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The Best Business Books of 2023: the Financial Times Business Book of the Year Award

recommended by Andrew Hill

Right Kind of Wrong: Why Learning to Fail Can Teach Us to Thrive by Amy Edmondson


Right Kind of Wrong: Why Learning to Fail Can Teach Us to Thrive
by Amy Edmondson


If you like nonfiction books that will get you up to speed with what's going on in the world, the Financial Times annual book prize is a great place to start. If you run a business, one or two useful books also feature. Andrew Hill, the newspaper's senior business writer, talks us through the books that made the 2023 shortlist, from cobalt extraction in the Congo to how to manage the AI genie that's out of the bottle and coming towards us at speed.

Interview by Sophie Roell, Editor

Right Kind of Wrong: Why Learning to Fail Can Teach Us to Thrive by Amy Edmondson


Right Kind of Wrong: Why Learning to Fail Can Teach Us to Thrive
by Amy Edmondson

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Before we get to the books, tell me a bit about this year’s Financial Times and Schroders Business Book of the Year Award. What were the highlights of 2023?

This year the prize had over 500 entries. That wasn’t a record. I never know quite how to gauge that: whether that means that some publishers didn’t submit as many books or whether there weren’t as many books published.

For only the second time that I can remember, we had a book that the judges called in and put directly onto the shortlist. This was Walter Isaacson’s biography of Elon Musk. As the person who administers the prize, I would want it to be as rare as once a decade, because you want books to have gone through the longlist process. Isaacson’s book muscled its way onto the shortlist on the basis of being the newsy new book. That’s unusual but doesn’t say anything about its prospects to come out as a winner.

It’s an interesting shortlist because it divides into three pairs. One is natural resources and the environment – not so much climate change (although there was a climate change book on the longlist). Two of the books are about extractive natural resources. Those are Material World by Ed Conway and Cobalt Red by Siddharth Kara.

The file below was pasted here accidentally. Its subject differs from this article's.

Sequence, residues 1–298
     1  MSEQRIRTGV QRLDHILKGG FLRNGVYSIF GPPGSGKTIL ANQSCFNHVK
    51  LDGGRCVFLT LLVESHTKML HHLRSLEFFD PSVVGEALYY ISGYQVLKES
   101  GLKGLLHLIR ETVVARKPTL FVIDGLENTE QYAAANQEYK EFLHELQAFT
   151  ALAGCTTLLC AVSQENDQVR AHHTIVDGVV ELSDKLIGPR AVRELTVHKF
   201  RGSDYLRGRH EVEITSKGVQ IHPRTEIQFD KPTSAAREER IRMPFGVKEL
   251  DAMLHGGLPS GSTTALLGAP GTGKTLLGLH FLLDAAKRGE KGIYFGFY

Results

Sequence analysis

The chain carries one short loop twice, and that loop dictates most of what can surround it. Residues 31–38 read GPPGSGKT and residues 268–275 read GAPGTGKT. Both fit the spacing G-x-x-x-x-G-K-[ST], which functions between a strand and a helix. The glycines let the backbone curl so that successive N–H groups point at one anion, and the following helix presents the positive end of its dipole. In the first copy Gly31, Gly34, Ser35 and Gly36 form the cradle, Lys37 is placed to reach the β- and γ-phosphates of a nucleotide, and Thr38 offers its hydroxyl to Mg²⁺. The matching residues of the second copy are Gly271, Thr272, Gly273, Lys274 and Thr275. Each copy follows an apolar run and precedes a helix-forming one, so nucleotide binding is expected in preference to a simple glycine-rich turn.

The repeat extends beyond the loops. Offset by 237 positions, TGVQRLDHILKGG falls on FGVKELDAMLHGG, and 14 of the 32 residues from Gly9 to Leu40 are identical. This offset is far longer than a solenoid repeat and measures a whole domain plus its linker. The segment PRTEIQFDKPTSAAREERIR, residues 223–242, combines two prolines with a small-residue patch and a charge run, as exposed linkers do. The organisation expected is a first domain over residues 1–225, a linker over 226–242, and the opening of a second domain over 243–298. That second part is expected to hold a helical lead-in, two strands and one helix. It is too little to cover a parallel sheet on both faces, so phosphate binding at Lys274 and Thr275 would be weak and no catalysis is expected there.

Another theme was technology and AI. I didn’t think we would have any books about generative AI, because the big ChatGPT breakthrough that seemed to revolutionise everything didn’t happen until November of last year. But we had a couple of books on the longlist and Mustafa Suleyman’s The Coming Wave, which is about technology advances, got through to the shortlist. A lot of books on the longlist addressed the effect of technology and automation on jobs and people. I guess one could put the Musk biography into that category because of the various technologies that he’s worked on.

Finally, speaking as the former management editor of the Financial Times and someone who’s been working on the prize for decades, I’ve always been not necessarily disappointed, but surprised that management books don’t get further. I think it’s because they’re written in a ‘this is a tool that you can use’ way and that doesn’t quite appeal to the judges. But this year there are two books on the shortlist which I consider to be management-y books: Right Kind of Wrong by Amy Edmondson and How Big Things Get Done by Bent Flyvbjerg and Dan Gardner. Interestingly, both are books about failing. How Big Things Get Done is about big projects, how they generally fail, and how to prevent them from failing. Right Kind of Wrong is about how to fail better.

Let’s go through the books individually. Shall we start with Material World: A Substantial Story of Our Past and Future, by Ed Conway? I remember reading the beginning and being quite struck by it. He is watching gold being extracted and thinking, ‘I wonder whether I really needed that gold wedding ring, now that I’ve seen what has to happen in order for it to come into existence.’

What I like about this book—and he makes this point very clearly—is that this is stuff that you can see. Ed Conway is a journalist for Sky News and of course TV journalists are always looking for things that can be filmed. Our review of the book pointed out that it’s a shame that there aren’t more pictures in it. He’s trying to paint a picture, and you want to see what he’s seeing, which is the extraordinary effort that goes into mining the six vital materials that he focuses on: salt, sand, iron, copper, oil, and lithium.

He doesn’t underplay the environmental risks being run in order to get the materials that make up our daily lives, but this is a book that says, ‘Yay! Capitalism does things that actually make the world work.’ He’s clearly in awe, if you like, of the extraordinary human ingenuity that goes into producing these materials and then transmuting them into the things that we use day to day. From that point of view, if there’s a book on this list that doesn’t fit the template of outright scepticism about the world of business, this is probably it. This is the one that says, ‘There are risks here, and these need to be handled, but look at human ingenuity!’